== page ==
Jeff Oster’s name, is one I’ve been hearing quite a bit recently – often as a session musician on a number of new releases produced by Windham Hill Records founder William Ackerman, which I’ve had the pleasure of reviewing. However, I’ve also heard about Jeff in connection with his own new release, “Surrender” when it was chosen by the Echoes radio program as the “CD of the Month” for September 2011. This is no small honor, as Echoes, which is distributed by Public Radio International, is broadcast on 130 stations from Maine to California. Echoes host John Diliberto is one of the foremost authorities on ambient music, and having him acknowledge your music for the top spot is a significant accolade.
One thing that distinguishes Jeff from nearly every other musician in this genre is his choice of instruments, which are trumpet and flugelhorn – not exactly the first ones that come to mind when thinking about ambient music. While there is some precedent for this with artists like Mark Isham, Jon Hassell, David Hoffman, and even Miles Davis (particularly on his classic “In A Silent Way” album and subsequent “electric” period), Jeff is charting new sonic territory in his expansion of these instruments into a context of electronica, downtempo grooves, and loop based electro-orchestral bed tracks. Although the description of his music as “Miles meets Enya” is a good starting point, it soon transcends those references as various elements blend in audio alchemy, on this, his third CD release. Incidentally, his two previous releases were voted Album of the Year by broadcasters worldwide as well as both reaching #1 on Echoes.
Years of study in classical music and jazz as well as extensive experience in the studio and live performances have created fertile soil for the seeds of his current musical vision to grow from. Although Jeff also plays synthesizer on the album, he is joined by producer and engineering master Bryan Carrigan, who adds additional synthesizers, drum programming, and sound design, as well as having co-produced and co-written eight of the songs on this album. Bryan brings an impressive background in the music and film industries to the project. Also adding her own inimitable talents to a number of the compositions is vocalist Diane Arkenstone, who is a recording artist of note in her own right, and one whose work I have been greatly impressed with over the years.
The album opens with “All That Matters” propelled by bass and drum tracks with a bit of a dub reggae feel, adding motion to a dreamy atmospheric soundscape which Jeff’s electronically processed trumpet glides gracefully over. The ambient journey continues on the next track although with conga drums and percussion adding a slightly more earthy element. However, speaking of “dreamy”, the third song: “Nikki’s Dream” is one of the most ethereal on the album and forgoes drum tracks, other than very briefly and minimally in the middle of the piece.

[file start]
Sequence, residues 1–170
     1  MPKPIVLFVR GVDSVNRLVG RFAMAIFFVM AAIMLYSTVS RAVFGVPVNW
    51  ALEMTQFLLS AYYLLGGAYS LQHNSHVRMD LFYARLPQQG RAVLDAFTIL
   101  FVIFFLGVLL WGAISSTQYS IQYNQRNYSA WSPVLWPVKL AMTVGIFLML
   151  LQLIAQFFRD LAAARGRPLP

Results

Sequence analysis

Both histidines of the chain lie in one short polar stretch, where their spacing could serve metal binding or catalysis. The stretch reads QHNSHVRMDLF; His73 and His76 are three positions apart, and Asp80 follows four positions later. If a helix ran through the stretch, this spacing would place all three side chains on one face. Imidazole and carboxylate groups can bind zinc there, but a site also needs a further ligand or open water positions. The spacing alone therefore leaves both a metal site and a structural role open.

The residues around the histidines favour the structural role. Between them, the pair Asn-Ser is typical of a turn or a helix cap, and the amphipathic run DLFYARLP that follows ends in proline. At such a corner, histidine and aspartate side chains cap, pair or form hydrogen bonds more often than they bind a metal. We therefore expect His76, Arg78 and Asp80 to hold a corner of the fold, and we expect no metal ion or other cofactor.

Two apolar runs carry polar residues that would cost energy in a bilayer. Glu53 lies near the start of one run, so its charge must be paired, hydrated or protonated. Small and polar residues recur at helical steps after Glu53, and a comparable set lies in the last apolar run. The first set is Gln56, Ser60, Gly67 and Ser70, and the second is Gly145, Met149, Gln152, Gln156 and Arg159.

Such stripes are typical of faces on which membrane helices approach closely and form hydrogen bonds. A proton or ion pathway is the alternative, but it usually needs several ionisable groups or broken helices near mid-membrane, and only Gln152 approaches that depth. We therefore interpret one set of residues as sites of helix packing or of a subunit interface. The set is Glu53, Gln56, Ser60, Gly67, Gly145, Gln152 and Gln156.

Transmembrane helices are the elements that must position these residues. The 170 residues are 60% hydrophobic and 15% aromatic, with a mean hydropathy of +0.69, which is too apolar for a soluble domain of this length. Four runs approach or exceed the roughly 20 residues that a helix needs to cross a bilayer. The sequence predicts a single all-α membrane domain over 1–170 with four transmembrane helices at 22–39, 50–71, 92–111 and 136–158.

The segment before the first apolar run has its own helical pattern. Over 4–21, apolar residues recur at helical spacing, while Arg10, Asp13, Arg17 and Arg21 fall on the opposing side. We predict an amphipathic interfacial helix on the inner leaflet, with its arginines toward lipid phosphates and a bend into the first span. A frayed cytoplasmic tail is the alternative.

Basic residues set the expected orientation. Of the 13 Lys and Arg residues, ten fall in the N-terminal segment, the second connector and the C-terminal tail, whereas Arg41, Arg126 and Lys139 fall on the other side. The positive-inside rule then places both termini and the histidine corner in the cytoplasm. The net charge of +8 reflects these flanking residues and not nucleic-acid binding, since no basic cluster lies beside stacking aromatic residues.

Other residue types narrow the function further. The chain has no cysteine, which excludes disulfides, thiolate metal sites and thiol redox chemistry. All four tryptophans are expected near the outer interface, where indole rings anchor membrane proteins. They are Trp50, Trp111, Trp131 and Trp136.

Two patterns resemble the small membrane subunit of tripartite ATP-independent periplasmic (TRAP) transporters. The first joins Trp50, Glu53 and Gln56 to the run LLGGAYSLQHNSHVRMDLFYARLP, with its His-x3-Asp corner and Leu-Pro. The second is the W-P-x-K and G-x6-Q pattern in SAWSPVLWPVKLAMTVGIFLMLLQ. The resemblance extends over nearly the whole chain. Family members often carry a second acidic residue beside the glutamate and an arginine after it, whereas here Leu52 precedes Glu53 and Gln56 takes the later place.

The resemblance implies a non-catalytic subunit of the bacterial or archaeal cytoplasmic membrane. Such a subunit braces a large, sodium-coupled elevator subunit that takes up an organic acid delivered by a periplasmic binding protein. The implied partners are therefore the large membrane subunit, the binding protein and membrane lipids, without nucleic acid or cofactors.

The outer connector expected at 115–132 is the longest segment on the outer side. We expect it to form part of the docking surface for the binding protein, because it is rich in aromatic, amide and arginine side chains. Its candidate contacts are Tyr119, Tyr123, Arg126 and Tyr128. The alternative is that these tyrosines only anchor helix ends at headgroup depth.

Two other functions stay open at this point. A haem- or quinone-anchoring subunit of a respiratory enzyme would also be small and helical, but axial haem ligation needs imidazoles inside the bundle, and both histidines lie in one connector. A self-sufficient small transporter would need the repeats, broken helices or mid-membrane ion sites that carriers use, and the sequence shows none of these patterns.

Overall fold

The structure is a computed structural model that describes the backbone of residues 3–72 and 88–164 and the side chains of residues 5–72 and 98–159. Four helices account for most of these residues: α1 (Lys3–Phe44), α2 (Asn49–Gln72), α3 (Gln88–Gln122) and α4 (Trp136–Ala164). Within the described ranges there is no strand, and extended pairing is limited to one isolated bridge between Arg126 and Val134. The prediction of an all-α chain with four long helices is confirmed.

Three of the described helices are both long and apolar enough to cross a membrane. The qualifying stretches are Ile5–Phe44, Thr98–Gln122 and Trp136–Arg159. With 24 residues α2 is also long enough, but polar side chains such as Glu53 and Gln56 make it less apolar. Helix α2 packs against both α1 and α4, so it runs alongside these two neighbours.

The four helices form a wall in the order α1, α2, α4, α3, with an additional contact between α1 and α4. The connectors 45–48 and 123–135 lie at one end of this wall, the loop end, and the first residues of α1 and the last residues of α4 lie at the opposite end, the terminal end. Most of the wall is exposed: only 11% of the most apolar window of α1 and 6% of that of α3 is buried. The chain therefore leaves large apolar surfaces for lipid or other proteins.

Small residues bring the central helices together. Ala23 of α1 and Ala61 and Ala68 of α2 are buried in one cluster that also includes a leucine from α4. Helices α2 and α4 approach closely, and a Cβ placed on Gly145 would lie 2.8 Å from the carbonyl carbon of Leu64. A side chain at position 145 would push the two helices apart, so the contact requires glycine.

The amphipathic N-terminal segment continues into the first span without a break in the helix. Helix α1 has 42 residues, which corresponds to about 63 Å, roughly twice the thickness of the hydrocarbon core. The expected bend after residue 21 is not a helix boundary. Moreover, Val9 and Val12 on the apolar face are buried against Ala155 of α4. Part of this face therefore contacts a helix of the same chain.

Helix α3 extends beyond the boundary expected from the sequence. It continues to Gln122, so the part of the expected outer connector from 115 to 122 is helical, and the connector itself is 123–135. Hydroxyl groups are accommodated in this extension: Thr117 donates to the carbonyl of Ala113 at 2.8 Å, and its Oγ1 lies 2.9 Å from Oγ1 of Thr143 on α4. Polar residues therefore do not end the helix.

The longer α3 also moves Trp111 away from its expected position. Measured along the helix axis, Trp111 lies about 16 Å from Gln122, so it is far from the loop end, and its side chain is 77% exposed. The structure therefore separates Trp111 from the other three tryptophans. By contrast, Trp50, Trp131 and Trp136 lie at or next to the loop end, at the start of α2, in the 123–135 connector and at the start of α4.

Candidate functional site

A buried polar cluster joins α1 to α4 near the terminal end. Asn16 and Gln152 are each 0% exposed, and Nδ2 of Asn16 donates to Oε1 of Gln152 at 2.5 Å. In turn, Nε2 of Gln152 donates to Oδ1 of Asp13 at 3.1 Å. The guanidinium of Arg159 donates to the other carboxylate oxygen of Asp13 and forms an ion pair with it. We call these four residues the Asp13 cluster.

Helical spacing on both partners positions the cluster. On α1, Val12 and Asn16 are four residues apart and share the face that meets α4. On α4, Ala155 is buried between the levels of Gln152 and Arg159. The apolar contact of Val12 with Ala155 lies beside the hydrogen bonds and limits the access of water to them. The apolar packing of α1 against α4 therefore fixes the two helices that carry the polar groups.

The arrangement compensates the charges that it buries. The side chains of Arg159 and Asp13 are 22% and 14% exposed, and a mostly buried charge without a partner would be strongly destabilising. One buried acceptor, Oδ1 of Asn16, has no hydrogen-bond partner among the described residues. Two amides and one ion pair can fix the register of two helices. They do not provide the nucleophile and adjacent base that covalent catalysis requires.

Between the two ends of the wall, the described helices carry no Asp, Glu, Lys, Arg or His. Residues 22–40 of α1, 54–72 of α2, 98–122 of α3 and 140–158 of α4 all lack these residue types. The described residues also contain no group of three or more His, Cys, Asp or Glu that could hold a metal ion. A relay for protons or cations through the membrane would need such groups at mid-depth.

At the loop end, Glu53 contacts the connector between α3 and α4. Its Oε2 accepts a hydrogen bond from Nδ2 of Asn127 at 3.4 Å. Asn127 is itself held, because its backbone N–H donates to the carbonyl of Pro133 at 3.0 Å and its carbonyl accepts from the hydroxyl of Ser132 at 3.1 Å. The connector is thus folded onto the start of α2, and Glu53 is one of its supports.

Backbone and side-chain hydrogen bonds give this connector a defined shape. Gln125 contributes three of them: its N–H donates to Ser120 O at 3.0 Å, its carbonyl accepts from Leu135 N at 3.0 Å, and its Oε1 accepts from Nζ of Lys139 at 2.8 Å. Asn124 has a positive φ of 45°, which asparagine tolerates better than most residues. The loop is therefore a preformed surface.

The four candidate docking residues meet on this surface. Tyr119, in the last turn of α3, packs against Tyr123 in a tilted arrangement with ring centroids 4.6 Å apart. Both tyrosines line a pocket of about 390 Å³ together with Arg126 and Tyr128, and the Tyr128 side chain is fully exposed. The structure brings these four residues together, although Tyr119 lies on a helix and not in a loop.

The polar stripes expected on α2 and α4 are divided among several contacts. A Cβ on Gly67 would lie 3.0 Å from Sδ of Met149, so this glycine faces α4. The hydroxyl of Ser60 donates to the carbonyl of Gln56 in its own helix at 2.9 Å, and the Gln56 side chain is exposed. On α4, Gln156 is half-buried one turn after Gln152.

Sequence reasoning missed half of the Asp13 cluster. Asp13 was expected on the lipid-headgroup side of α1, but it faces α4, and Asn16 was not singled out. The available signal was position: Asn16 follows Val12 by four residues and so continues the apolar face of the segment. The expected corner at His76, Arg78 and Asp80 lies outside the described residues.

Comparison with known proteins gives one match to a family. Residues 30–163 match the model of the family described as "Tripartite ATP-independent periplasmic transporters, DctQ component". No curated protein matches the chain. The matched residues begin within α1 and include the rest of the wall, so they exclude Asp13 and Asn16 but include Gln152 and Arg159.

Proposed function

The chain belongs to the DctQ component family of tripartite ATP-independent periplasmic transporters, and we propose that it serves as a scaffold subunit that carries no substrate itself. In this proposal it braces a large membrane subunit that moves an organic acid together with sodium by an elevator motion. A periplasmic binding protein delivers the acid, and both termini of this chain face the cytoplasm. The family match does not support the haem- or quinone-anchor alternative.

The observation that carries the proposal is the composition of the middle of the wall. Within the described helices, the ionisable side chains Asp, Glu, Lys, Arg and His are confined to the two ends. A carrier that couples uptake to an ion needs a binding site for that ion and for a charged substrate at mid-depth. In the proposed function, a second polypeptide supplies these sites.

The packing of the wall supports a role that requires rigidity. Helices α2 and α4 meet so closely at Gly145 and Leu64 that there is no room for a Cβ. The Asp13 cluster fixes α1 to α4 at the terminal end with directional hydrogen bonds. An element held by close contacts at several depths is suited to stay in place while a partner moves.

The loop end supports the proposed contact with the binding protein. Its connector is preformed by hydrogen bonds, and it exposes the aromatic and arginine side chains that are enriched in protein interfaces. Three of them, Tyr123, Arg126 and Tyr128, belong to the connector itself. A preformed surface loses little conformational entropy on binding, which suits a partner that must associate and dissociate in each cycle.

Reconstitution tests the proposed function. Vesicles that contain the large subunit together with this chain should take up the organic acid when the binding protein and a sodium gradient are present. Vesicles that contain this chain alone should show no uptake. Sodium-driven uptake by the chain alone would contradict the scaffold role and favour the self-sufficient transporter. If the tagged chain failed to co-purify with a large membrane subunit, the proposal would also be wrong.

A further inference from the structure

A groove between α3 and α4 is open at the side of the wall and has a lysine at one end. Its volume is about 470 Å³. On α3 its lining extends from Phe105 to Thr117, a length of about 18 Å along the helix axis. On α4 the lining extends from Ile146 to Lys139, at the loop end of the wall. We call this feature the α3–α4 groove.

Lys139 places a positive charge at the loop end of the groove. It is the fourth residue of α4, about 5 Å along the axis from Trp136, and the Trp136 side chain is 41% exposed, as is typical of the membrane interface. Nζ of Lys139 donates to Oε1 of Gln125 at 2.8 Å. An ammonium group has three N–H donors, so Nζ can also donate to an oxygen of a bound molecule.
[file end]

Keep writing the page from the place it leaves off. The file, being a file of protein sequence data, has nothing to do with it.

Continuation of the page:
Diane Arkenstone makes her entrance to the album on “The Voice” where she provides sweetly sensual singing in counterpoint to Jeff’s poetic spoken-word vocals. The next two songs also feature her talents, and include “Essence Of Herb,” a nod to Herb Alpert, one of Jeff’s influences. This is followed by the title track with Diane’s whispered vocals drifting in like mist before evaporating back into the ethers.
A high point on the album for me was the interestingly named “The Theology Of Success” with its bouncy bass, propulsive rhythm, and Jeff’s flugelhorn alternating between minimalist elongated lines and more melodic phrasing. By contrast, I also enjoyed the more sedate “Beautiful Silence” with its’ effects-laden percussion in the second half bringing to mind fellow ambient composer Patrick O’Hearn.
However, trying to pick favorites on this CD is an exercise in futility, as literally every track is a winner. While there is indeed a dreamy, almost surreal quality to the music, it is infused with a cool urban vibe that grooves, yet is definitely well chilled. On “Surrender” Jeff Oster has brought together talented collaborators, diverse musical elements, and a passion to explore, creating an album that is contemporary, innovative, and highly recommended.